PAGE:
Institute of Nutrition of Central America and Panama INCAP
Note the Food Composition Table under the Services drop-down.
The early research work of the Central American region and the Institute of Nutrition of Central America and Panama (INCAP) in nutrition was focused initially (1950 and 1960) on the clinical manifestation and the treatment of the various forms of malnutrition.
The important contributions of Central American institutions, national and INCAP to the knowledge of the adverse effects of the deficiencies of energy, protein, iodine, iron, vitamin A, among others, and in the formulation and testing of therapeutic protocols are well known in the literature on clinical and applied nutrition.
All the knowledge developed in the laboratories, pediatric metabolic units, pilot plants in food processing and animal facilities was progressively transferred to institutions and health programs and communities in Central America. Furthermore, the application of methods and techniques as well as food and nutrition research in the field, generated new knowledge about the conceptual framework of malnutrition, the underlying determinants, underlying nutritional status and intermediaries and the different ways to address the problem, from therapeutic interventions to preventive measures,.
Relations between Environmental Insecurity and Human Insecurity
The relationships between environmental insecurity and human insecurity are many and complex. Thus, it is well known that human security is highly dependent on access to natural resources and vulnerabilities in the fluctuations and climate change, and that the environment has a direct impact on survival, productivity and human welfare. On the other hand, it has been documented how human activities are responsible for direct and indirect changes in the environment.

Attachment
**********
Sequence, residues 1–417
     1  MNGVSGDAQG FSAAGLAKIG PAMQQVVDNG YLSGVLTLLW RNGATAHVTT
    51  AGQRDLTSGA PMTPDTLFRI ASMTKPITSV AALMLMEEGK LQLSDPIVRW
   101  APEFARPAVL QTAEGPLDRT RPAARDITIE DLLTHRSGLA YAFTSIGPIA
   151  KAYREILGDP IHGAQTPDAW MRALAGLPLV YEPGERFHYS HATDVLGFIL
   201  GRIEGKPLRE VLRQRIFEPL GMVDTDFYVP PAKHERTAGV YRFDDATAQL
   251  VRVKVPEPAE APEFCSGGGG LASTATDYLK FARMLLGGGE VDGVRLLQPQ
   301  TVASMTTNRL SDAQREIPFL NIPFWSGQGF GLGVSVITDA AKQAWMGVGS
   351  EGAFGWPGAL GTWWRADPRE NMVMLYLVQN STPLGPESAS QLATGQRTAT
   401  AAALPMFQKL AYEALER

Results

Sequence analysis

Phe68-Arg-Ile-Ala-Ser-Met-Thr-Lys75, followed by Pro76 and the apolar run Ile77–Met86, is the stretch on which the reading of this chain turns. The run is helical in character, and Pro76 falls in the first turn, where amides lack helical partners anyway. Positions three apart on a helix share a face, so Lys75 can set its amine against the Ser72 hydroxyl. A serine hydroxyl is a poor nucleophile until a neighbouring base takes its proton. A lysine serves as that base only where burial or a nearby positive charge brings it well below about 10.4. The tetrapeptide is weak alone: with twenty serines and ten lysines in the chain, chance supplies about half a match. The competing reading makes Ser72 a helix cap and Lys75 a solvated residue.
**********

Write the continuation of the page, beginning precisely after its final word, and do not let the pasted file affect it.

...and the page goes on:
Manifestations of Food Insecurity-Nutrition
Numerous studies confirm the relationship of protein-energy malnutrition and micronutrient deficiency, expression of Nutrition and Food Insecurity with other adverse health events, including those related to infectious diseases and chronic non-communicable diseases, mortality, physical growth and abnormal changes of weight, mental development, school performance, reproductive health and adult productivity. In all of these have been confirmed cause-effect relationships. In addition, there is extensive documentation that demonstrates the adverse effects of these manifestations of malnutrition on human development, establishing a real vicious circle of malnutrition and human underdevelopment.